It’s a highly anticipated central Virginia tradition: Each year, regional candidates, their campaigns, and the public anxiously await dilatory (and greatly coveted) political endorsements issued by the Charlottesville Daily Progress editorial board.
Problematic for potential endorsees is that the Progress defers—until the last minute possible—publication of their affirmations, rendering them nearly useless for political purposes.
As a public service, and in order to relieve political endorsement-anticipation anxiety syndrome (PEAS), The Schilling Show promulgates here, advance educated guesses on whom the vaunted periodical will praise, and why, in various local races:
Prognosticated Daily Progress
VA State Senate 25: Creigh Deeds (D) vs. TJ Aldous (R)
Projected endorsee: Creigh Deeds. The Daily Progress will not want to rock the boat of this powerful, long-time legislator who will be hard to beat in his left-leaning district.
VA State Senate 17: Edd Houck (D) vs. Bryce Reeves (R)
Projected endorsee: Bryce Reeves. He has a serious chance of unseating an unimpressive incumbent who has worn out his General Assembly welcome. As a bonus, Reeves carries no previous political baggage into the race.
Virginia House of Delegates 59: Connie Brennan (D) vs. Matt Fariss (R) vs. Lucinda Wall (I)
Projected endorsee: Connie Brennan. Since the other two candidates have potentially embarrassing previous legal entanglements, the paper’s choice is easy. This seat gives the Progress a chance to safely support a liberal Democrat in order to provide the appearance of a balanced endorsement slate.
Virginia House of Delegates 57: David Toscano (D) vs. Robert Brandon Smith, III (I)
Projected endorsee: David Toscano. In addition to the fact that Smith has no chance to win (and the paper is reticent to support underdogs), the Daily Progress editorial board will laud Toscano as a “moderate” who serves his constituents well.
Charlottesville Clerk of Circuit Court: Llezelle Dugger (D) vs. Pam Melampy (I)
Projected endorsee: Llezelle Dugger. Whenever feasible, the Daily Progress will support establishment Democrats in Charlottesville elections in order to maintain a good relationship with the Party. This seat is no exception.
Charlottesville City Council (three seats open, elected at large): Scott Bandy (I), Brandon Collins (I), Bob Fenwick (I), Kathy Galvin (D), Satyendra Huja (D), Dede Smith (D), Andrew Williams (I)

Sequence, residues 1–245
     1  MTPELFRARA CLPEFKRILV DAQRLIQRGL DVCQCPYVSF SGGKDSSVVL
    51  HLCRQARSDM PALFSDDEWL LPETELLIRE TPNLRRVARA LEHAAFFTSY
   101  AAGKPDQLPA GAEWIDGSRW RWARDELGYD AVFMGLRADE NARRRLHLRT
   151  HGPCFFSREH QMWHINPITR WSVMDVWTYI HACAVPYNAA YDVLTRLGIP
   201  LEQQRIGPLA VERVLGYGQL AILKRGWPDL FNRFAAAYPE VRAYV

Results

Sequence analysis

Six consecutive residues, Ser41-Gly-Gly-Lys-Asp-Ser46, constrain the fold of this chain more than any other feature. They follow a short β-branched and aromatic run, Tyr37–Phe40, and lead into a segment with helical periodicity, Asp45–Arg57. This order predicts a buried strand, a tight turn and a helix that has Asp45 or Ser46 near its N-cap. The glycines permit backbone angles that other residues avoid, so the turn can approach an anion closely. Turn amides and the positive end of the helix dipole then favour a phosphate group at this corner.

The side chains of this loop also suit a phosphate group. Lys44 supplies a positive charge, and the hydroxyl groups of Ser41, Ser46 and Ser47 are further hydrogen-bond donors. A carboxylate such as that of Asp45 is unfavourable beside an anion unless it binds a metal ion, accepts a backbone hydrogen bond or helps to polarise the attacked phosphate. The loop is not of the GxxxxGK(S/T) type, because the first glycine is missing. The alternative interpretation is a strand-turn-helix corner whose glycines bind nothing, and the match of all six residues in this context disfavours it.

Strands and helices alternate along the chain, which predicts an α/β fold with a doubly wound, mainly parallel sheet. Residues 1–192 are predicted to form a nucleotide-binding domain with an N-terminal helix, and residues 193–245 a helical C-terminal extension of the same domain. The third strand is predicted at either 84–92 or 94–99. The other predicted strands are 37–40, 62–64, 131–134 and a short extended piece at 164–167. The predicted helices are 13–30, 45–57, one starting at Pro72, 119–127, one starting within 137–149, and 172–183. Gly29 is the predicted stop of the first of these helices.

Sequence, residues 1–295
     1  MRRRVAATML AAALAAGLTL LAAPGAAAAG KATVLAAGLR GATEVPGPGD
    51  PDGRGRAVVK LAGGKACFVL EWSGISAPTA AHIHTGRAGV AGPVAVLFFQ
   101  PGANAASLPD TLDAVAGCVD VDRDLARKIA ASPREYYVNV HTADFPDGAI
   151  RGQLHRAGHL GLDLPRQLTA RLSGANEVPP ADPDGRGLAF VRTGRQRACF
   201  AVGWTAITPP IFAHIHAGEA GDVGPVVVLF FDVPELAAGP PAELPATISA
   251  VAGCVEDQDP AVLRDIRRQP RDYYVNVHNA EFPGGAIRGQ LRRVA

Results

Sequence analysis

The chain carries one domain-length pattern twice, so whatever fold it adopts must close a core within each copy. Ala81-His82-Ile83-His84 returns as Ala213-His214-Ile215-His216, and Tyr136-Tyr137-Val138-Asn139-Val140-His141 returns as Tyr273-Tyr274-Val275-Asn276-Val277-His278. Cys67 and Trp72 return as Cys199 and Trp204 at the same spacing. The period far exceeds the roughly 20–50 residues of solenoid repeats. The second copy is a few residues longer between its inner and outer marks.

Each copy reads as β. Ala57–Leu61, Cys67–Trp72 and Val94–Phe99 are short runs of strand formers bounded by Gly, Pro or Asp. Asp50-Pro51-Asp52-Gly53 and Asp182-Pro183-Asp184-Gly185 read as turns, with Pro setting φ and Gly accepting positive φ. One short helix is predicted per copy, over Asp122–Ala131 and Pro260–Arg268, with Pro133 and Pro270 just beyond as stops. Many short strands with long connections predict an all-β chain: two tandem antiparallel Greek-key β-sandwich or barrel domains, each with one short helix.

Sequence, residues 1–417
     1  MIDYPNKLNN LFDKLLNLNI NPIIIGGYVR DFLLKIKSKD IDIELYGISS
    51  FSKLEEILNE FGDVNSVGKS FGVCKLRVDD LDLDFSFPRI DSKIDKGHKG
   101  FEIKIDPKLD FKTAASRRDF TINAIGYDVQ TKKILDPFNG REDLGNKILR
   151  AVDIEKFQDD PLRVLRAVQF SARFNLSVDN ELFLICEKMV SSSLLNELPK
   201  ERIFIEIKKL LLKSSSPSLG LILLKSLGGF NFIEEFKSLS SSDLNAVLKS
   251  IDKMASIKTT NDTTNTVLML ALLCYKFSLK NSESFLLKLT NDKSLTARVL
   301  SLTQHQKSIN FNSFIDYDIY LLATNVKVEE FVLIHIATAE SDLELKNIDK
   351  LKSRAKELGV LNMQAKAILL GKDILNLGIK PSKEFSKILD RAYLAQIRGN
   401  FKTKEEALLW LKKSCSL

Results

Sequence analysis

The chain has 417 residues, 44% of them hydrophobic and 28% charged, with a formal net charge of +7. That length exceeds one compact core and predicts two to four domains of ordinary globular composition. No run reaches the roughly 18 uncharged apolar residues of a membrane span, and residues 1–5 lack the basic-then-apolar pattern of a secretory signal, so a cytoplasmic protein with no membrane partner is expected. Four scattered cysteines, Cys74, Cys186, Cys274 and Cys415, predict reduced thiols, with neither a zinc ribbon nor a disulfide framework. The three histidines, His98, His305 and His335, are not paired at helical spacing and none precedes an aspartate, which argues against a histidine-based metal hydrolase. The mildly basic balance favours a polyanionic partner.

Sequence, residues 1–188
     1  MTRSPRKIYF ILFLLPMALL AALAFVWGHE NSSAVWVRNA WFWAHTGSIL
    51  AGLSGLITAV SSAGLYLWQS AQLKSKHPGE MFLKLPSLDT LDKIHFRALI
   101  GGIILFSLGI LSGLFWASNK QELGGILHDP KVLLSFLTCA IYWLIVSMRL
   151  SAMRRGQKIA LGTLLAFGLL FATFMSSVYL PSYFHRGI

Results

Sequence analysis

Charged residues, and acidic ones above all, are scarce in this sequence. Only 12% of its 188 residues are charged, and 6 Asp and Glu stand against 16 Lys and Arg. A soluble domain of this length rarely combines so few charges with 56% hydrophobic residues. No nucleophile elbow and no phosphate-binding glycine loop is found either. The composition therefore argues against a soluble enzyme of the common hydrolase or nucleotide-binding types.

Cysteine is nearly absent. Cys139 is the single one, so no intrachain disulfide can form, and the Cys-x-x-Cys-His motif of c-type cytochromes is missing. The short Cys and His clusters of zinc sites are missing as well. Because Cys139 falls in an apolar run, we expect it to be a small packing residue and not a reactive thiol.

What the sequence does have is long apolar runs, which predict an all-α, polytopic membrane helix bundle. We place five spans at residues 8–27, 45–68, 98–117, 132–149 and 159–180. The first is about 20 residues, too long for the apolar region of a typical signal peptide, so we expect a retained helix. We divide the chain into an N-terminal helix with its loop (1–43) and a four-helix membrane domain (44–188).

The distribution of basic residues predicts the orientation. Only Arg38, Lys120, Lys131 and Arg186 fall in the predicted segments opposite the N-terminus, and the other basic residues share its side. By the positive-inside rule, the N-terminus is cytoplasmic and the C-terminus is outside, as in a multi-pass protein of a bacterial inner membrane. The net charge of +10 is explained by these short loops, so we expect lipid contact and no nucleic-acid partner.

Projected endorsees: Kathy Galvin, Satyendra Huja, and Andrew Williams. Galvin and Huja will secure the water plan favored by the Daily Progress and their “news” partner, Charlottesville Tomorrow. Andrew Williams has received their endorsement previously, and the fact that there are no black Democrats on the ballot will assure him another nod. Besides, Williams is clean, well spoken, articulate, etc.
Charlottesville School Board (four seats open, elected at large, non-partisan): Colette Blount, Ivana Kadija, Steven Latimer, Amy Laufer, Guian McKee, Jennifer McKeever, Willa Neale
Projected endorsees: Willa Neale, Amy Laufer, Guian McKee, and Colette Blount. There will be no fault found with elected incumbent Blount (who will receive secret bonus points for helping to maintain racial balance on the board) or appointed incumbent McKee. Willa Neale and Amy Laufer are typical of the safe, intellectual, mainstream progressive candidates that give comfort to the paper’s editorial board (which strongly opposed Charlottesville’s transition to an elected School Board in 2005).
Albemarle County Board of Supervisors Rivanna District: Ken Boyd (R) vs. Cynthia Neff (D)
Projected endorsee: Ken Boyd. Although the Daily Progress won’t mention it, they know that Neff is a loose cannon who likely would undermine decorum at normally staid supervisor meetings—and they fear her far-left political agenda. Boyd will hold the line on water and the Western Bypass, positions favored by the paper.
Albemarle County Board of Supervisors Scottsville District: Jim Norwood (R) vs. Christopher Dumler (D)
Projected endorsee: Jim Norwood. The paper will profess to like Dumler and will encourage him to continue pursuing political aspirations (à la Paul Beyer), but ultimately, Norwood is an insurance policy against a possible Boyd loss; maintaining a “balanced” Board of Supervisors is a primary objective of the Daily Progress.